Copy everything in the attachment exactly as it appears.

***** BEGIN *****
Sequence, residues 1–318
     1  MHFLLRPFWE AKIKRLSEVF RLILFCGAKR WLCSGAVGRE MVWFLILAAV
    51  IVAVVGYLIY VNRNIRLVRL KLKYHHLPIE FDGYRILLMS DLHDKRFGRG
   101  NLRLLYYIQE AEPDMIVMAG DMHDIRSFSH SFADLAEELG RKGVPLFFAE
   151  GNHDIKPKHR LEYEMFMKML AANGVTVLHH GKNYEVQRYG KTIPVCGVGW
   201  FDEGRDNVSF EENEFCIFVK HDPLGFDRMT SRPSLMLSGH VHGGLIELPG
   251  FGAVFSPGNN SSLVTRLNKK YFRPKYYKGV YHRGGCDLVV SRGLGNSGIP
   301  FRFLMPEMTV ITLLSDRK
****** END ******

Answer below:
Sequence, residues 1–318
     1  MHFLLRPFWE AKIKRLSEVF RLILFCGAKR WLCSGAVGRE MVWFLILAAV
    51  IVAVVGYLIY VNRNIRLVRL KLKYHHLPIE FDGYRILLMS DLHDKRFGRG
   101  NLRLLYYIQE AEPDMIVMAG DMHDIRSFSH SFADLAEELG RKGVPLFFAE
   151  GNHDIKPKHR LEYEMFMKML AANGVTVLHH GKNYEVQRYG KTIPVCGVGW
   201  FDEGRDNVSF EENEFCIFVK HDPLGFDRMT SRPSLMLSGH VHGGLIELPG
   251  FGAVFSPGNN SSLVTRLNKK YFRPKYYKGV YHRGGCDLVV SRGLGNSGIP
   301  FRFLMPEMTV ITLLSDRK